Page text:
Leicester City striker Jamie Vardy is on the verge of the Premier League and the 27-year-old seems to need a few seconds to take it in.
It's a remarkable prospect for a man who was contemplating giving up the game less than 12 months ago.
And it's all the more remarkable considering he was rejected as a 16-year-old after being told he was "too small", and was playing non-league football as recently as May 2012.
Last season - his first after his £1m move from Fleetwood Town - was tough.
He was struggling for confidence, not scoring, not reaching anywhere near the sort of form that prompted his move and getting plenty grief on social media.
The support of Foxes manager Nigel Pearson - the man who made Vardy the most expensive non-league player in history - and his assistant Craig Shakespeare convinced him to battle through the self-doubt, and the growing number of doubters.
"Yes I did [nearly give up] to be honest with you," Vardy told BBC Late Kick Off Midlands.
"But I had a few chats with the gaffer and they constantly told me I was good enough and they believed in me and stuck by me. I am glad to be showing the faith they showed in me on the pitch.
"I also know a lot of hard work has gone into it on my behalf as well as people believing in me. The gaffer has always said that he believes in me, even last year when I was at a bit of a low. And I am repaying him now.
"It was a big learning curve last year and I have done a lot of work in the off-season. I have come back this year fighting fit and it is paying dividends for me and the club."
It certainly is. This season, Vardy has scored 15 league goals in 33 games to help Leicester to the top of the Championship table.
Last season he managed four in 26 league appearances.
"It was tough," Vardy recalled. "I came into a dressing room with a lot of big names in and I wasn't used to it whatsoever. It did take a lot to get used to and I obviously have now."
Vardy's goals and impressive strike partnership with David Nugent has provided the cutting edge to a team brimming with confidence and quality. Nugent has scored 17 league goals in 35 games.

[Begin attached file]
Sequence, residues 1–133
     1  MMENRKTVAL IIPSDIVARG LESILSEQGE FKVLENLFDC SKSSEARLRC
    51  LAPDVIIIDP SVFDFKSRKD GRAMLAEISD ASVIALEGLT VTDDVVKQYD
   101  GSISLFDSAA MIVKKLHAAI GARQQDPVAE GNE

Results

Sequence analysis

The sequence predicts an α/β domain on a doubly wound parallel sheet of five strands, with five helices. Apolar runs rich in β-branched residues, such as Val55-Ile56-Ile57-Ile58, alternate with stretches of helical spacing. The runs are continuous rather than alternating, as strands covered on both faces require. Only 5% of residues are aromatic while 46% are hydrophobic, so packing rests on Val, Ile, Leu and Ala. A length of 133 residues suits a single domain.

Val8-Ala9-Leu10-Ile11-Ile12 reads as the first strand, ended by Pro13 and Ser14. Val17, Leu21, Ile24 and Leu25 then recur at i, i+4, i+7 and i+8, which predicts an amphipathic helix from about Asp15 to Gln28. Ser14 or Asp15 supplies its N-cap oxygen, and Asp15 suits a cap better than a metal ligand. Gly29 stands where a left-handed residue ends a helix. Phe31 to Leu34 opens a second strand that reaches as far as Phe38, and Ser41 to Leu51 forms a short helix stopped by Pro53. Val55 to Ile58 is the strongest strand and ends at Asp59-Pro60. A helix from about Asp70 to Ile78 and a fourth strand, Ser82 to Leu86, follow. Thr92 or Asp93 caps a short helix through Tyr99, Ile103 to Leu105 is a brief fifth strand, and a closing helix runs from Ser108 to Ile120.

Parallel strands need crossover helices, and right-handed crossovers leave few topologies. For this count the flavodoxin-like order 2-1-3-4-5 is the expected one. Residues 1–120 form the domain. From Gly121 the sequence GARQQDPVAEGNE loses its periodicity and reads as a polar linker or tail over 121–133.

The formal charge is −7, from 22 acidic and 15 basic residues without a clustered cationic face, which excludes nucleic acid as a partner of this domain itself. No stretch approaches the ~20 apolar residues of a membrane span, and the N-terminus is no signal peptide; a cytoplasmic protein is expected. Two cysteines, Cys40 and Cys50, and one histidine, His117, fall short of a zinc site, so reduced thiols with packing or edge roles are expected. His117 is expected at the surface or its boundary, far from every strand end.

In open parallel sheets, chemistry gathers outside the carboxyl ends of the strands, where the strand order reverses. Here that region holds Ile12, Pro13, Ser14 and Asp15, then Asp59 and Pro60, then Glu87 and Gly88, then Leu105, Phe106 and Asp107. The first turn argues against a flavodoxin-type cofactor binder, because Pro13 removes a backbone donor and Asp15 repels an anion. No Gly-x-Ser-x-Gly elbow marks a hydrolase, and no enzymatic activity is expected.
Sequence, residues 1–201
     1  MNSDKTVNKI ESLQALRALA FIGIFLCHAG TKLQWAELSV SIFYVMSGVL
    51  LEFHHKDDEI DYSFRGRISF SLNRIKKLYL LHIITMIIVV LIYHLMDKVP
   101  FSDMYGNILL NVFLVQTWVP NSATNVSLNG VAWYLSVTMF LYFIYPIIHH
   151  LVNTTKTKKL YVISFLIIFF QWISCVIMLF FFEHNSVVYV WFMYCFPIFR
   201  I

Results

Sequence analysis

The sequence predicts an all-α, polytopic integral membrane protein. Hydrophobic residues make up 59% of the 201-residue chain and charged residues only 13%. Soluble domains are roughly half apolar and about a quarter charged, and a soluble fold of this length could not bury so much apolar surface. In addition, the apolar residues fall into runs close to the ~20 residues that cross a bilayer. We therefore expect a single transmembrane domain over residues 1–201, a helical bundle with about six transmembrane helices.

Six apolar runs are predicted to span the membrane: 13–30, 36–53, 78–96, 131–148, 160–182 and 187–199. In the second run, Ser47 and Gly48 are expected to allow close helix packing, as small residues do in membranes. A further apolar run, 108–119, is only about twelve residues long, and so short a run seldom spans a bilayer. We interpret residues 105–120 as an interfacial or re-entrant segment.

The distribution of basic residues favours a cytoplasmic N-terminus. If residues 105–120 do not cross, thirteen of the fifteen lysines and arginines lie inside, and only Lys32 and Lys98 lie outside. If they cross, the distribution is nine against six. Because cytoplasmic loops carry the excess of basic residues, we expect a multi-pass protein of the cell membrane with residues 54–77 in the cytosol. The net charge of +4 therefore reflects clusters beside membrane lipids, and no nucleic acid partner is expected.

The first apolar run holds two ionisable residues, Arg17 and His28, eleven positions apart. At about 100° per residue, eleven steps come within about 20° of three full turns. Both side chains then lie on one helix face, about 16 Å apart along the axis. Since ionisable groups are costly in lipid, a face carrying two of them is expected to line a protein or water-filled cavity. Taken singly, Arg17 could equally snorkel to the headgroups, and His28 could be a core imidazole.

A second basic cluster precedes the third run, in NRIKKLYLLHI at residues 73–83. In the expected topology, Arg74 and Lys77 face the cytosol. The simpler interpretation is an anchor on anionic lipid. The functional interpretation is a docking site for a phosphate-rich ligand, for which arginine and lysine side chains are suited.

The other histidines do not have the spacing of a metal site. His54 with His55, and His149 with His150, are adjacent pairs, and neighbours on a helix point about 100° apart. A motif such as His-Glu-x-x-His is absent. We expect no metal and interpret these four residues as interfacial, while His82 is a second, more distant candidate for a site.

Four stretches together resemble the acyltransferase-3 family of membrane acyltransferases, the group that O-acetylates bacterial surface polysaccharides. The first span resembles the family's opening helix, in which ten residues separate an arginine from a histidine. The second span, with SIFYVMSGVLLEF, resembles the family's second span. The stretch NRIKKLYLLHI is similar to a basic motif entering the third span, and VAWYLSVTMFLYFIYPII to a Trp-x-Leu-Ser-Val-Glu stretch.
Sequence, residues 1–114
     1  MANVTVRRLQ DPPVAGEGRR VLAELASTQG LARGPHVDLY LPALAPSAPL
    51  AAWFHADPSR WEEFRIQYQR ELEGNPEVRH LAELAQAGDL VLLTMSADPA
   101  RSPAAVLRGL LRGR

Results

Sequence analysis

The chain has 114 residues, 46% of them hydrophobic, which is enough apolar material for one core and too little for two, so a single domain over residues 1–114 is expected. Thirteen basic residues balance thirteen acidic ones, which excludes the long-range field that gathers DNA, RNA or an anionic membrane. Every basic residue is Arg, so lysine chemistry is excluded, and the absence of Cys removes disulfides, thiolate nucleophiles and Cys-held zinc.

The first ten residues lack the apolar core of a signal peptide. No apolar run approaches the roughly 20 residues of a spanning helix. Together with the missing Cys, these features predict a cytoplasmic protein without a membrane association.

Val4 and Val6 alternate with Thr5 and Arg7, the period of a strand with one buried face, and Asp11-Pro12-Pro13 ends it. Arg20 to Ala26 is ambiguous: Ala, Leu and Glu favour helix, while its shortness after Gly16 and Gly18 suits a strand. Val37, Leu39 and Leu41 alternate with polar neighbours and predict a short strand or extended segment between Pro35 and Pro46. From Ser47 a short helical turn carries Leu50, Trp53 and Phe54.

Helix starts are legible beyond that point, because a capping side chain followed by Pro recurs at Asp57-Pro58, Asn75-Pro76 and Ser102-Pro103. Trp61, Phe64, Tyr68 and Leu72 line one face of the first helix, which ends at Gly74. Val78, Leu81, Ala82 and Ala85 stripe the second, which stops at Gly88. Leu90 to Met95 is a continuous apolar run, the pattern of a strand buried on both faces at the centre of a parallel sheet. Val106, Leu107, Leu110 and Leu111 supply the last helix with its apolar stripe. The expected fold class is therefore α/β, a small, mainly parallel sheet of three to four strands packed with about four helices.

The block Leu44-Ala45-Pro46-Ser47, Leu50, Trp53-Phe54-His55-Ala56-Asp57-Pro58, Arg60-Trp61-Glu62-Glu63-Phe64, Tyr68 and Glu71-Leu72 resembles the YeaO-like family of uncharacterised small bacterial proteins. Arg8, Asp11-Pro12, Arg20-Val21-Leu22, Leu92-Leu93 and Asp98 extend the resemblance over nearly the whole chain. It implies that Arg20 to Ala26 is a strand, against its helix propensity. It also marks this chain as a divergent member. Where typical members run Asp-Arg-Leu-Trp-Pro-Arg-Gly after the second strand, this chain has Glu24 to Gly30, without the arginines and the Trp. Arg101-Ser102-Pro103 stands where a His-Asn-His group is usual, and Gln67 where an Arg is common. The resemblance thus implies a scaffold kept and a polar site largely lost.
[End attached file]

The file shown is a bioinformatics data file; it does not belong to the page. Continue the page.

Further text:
Barring a complete capitulation, City will be playing top-flight football next season.
Following Saturday's 3-1 victory over Blackpool, the Foxes are 17 points clear of Derby County and QPR, who are third and fourth respectively.
They are also seven points clear of second-placed Burnley, with a game in hand.
The Clarets seem the only realistic challengers for the title, but with eight wins from their last 10 games, it's not as if Leicester are showing signs of letting the pressure get to them.
"It is brilliant," Vardy said. "Obviously the confidence is sky high. We are reaping the rewards of working hard on the training field and transferring it onto the pitch and that is what has got us into the position we are at the minute."
Vardy seems all the more appreciative given the fact his football success has come the hard way.
He was released by Sheffield Wednesday as a teenager and that nearly ended his career.
"As soon as that happened I never thought I would play football again," he said. "It was a real heartache as a kid.
"The reason I got released was I was too small. I wasn't physically built enough. It does hit you hard. I was very angry and upset and that is why I stopped playing for a year."
But he resumed his career at a lowly non-league level and by 2010 he was scoring regularly for Halifax. Within a year Vardy was signed by Fleetwood, whom he helped win promotion to the Football League.
"I have had to go the long way back into it," Vardy said. "But I am happy I have done that because I have learnt a lot of things on the way and it has got me to where I am today."
Following his rejection by the Owls, Vardy was also charged with assault after getting involved in a fight in a pub. He had to wear an electronic tag and was often forced to race back from games to beat a curfew.
"I did get into a bit of trouble back then," he said.
"I am obviously not proud of what happened but it happened so I think things happen for a reason and I have turned my life around now and I am happy the way I am."
The next part of the journey seems to lead towards the Premier League. And although Vardy does not want to dream too much about facing Chelsea, Manchester City, Arsenal and the rest, he cannot help reflect a little on the progress both he and the club have made.
"We know if we carry on playing as we are, then we will be in the Premier League next season," Vardy added.
"I keep pinching myself all the time because I never thought it would happen but it's on the cards now if we keep doing what we are doing on the pitch.
"Being in the Premier League would be a dream come true."
You can see the Jamie Vardy feature from BBC Late Kick Off Midlands on BBC iPlayer.